The Long Riders' Guild


Everyone is singing...
Unbridled. Unbroken. Unbeaten.  UNTRUE! ♪♪

The 1953 musical, "Calamity Jane" starring Doris Day, was "only a movie."  Yet the 2004 film "Hidalgo" starring Viggo Mortensen is advertised as being "based on a true story."  The difference is that Calamity Jane really did have equestrian adventures, ride in Wyoming, and meet Buffalo Bill Cody - three things no one can prove Frank Hopkins ever did.  We should be concerned when a happy-go-lucky Doris Day musical contains more fact than a mislabeled $80 million horse opera.  

For the latest news about Frank Hopkins' deceptions, please click on one of the many links below.

New! 2014:   Walt Disney and Hidalgo – A Decade of Deceit

 Vermont Historical Society debunks Hidalgo

 Wild West Magazine Editor denounces Hopkins as an "unabashed fraud."

Dr. Vine DeLoria Jr. calls on Viggo Mortensen to produce his Lakota witness

 "Hidalgo the most racist film of 2004" Professor Jack Shaheen

"Disney's Hidalgo:  A New Hollywood Low," by Dr. Anthony Toth

New evidence shows  Vermont Historians uncovered the Hopkins Hoax 34 years ago!

The Royal Geographical Society's magazine, Geographical, declares Hopkins a fraud.

Anthropological Convention warned that Hidalgo's audience "has become a tourist in an historical drive-by event."

The Dutch equestrian magazine, Bit, denounces Hopkins as "a first-class liar."

The Press isn't buying Disney's "true story"

One of Germany's most prestigious newspapers says film "smells like a stable."

French-Canadian publication can't believe anyone takes Hopkins seriously.

"Frank's claims were just so much hot air," declares Arabian specialist

"Liar, Liar Chaps on Fire" - Outside magazine

"Hidalgo - a Tale of Conquest based on False Pretenses" - London's The Independent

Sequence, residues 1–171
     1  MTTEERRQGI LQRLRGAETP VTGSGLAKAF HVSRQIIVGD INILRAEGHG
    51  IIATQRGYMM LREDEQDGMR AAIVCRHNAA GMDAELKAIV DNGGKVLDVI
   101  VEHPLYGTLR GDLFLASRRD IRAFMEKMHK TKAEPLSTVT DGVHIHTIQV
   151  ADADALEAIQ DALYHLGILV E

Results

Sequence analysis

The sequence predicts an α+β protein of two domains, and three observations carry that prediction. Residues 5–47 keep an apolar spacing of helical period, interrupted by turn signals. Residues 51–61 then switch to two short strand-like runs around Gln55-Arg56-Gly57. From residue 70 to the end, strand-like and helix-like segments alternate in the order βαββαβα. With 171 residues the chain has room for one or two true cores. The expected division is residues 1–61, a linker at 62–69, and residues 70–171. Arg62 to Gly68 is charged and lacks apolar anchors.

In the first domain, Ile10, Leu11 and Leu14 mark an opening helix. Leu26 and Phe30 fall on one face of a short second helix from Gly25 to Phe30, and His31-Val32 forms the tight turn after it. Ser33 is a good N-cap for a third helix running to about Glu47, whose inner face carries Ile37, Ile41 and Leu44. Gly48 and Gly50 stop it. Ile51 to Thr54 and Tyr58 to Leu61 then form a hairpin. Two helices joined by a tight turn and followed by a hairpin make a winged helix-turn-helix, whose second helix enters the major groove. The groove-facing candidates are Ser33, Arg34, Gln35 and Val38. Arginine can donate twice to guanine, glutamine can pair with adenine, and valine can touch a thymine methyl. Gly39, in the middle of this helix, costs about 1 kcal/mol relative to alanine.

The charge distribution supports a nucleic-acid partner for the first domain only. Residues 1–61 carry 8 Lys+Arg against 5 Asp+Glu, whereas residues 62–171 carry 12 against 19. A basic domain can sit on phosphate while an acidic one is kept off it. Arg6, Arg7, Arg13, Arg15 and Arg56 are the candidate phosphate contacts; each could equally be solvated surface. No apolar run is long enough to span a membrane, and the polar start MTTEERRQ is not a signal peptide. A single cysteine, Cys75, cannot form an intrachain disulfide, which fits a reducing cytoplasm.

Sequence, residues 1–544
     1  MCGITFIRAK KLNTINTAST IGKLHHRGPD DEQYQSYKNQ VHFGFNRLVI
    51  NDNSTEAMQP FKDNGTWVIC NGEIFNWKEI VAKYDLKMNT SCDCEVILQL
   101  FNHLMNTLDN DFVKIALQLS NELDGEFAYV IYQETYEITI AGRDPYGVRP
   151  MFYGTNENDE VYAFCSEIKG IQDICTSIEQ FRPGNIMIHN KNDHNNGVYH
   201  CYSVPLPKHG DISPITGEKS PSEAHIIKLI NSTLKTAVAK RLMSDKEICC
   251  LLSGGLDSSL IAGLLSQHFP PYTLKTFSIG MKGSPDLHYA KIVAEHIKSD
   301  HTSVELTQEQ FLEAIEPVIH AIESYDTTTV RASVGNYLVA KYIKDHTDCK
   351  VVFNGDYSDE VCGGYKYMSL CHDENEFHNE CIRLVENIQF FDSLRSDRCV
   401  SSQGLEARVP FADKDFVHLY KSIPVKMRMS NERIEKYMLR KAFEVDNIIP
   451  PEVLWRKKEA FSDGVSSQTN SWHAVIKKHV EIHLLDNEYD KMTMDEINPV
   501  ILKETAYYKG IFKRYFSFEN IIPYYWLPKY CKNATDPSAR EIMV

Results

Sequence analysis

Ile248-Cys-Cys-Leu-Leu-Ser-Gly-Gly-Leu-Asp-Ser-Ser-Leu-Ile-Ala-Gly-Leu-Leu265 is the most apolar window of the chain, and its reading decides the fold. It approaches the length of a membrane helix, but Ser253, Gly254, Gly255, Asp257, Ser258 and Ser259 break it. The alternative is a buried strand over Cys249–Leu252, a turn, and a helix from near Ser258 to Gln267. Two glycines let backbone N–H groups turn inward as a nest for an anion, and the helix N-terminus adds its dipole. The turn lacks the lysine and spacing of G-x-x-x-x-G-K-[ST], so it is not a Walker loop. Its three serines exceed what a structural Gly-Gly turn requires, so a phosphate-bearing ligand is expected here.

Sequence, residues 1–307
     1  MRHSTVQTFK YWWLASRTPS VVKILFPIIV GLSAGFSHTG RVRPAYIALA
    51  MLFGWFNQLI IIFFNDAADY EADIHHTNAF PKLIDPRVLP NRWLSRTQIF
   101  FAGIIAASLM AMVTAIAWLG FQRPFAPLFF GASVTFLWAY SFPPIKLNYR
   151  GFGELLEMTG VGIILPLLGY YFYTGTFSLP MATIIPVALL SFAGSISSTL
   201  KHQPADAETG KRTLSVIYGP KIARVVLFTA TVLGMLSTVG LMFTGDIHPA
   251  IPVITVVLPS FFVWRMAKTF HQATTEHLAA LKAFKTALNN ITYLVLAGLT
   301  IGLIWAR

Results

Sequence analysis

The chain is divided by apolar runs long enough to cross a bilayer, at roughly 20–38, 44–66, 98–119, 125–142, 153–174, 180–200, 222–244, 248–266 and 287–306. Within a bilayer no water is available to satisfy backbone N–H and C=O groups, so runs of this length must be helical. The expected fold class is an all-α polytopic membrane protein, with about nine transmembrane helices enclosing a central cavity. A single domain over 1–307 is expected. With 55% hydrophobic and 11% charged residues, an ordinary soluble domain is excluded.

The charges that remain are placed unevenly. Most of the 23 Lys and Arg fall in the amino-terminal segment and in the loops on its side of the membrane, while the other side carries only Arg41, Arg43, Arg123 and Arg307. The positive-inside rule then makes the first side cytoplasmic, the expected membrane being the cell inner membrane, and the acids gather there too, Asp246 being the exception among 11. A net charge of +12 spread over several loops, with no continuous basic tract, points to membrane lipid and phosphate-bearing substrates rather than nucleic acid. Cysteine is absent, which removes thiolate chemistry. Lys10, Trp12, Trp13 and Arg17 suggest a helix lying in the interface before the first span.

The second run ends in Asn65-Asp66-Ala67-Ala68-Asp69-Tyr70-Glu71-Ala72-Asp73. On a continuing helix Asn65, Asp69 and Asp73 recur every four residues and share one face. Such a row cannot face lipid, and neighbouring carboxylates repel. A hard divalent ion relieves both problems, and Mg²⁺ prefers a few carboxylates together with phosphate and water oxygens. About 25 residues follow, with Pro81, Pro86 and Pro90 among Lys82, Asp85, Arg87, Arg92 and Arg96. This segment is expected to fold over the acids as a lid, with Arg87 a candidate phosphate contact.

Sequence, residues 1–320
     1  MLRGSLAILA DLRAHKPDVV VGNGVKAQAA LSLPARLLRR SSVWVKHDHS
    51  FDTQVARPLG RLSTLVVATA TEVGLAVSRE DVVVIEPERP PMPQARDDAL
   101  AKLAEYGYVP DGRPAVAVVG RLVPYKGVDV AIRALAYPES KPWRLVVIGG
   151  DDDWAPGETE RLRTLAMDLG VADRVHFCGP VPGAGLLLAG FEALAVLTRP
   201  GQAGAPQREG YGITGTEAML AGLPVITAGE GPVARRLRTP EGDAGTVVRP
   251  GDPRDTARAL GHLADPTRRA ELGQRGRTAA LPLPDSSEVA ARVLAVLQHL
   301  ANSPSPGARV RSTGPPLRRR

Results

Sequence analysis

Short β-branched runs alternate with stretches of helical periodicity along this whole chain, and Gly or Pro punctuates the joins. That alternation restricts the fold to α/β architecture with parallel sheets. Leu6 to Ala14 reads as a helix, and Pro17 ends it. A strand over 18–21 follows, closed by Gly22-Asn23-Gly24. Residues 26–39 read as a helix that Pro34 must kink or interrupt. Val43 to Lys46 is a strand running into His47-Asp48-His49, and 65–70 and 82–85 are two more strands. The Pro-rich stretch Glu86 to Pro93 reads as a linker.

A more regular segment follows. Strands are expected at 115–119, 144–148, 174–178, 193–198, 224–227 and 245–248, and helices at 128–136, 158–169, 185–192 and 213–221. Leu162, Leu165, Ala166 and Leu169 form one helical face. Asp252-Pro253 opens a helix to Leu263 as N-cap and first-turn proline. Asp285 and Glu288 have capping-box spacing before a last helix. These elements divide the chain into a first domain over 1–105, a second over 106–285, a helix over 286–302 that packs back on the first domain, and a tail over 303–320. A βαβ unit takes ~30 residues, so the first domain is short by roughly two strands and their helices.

"Hidalgo is based on a not-so-true story" - Slate Magazine

"Hidalgo - not what you think," warns equestrian journalist Don Blazer

"Long Trail of Lies" - The Los Angeles Times

"Hidalgo: Caught Horse-Thieving" - The Washington Post

"Has Disney been taken for a ride?" - England's Daily Mail

More revelations about Hopkins and Hollywood

 A misleading website and unverifiable photographs of Hopkins in the saddle

The truth about Mustangs versus Arabian horses

A Quick Overview of Frank's Fantasies

Lakota Historian Dr. Vine Deloria Jr. warns that Frank Hopkins was "The World's Greatest Liar"!

Hidalgo and Other Stories, by Frank T. Hopkins - the book Hollywood doesn't want you to read

Articles in the world press about Frank Hopkins

Timeline of Deceit!

Walt Disney hijacks the American education system

Frank Hopkins' first interview with the Press

Disney versus The World

An open letter to the Walt Disney Company

Academics call for Historical Accuracy in Disney film

Trail Blazer is the first equestrian magazine in the USA brave enough to print the truth about Hopkins!

Library of Congress warns writer there is no proof of Frank's exploits - and is ignored!

Disney's Super Bowl Deception

"Anything Goes" - America's first Great Endurance Race